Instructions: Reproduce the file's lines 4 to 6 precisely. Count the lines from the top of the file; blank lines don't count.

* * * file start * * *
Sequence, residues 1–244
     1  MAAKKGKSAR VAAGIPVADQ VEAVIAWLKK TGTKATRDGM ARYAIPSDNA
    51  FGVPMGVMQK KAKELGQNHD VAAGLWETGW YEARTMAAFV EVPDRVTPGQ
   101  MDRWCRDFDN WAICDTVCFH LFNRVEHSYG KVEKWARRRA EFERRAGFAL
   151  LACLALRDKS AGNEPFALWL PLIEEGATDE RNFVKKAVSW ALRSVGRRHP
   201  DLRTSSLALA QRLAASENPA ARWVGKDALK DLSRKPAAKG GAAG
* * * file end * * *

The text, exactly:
   101  MDRWCRDFDN WAICDTVCFH LFNRVEHSYG KVEKWARRRA EFERRAGFAL
   151  LACLALRDKS AGNEPFALWL PLIEEGATDE RNFVKKAVSW ALRSVGRRHP
   201  DLRTSSLALA QRLAASENPA ARWVGKDALK DLSRKPAAKG GAAG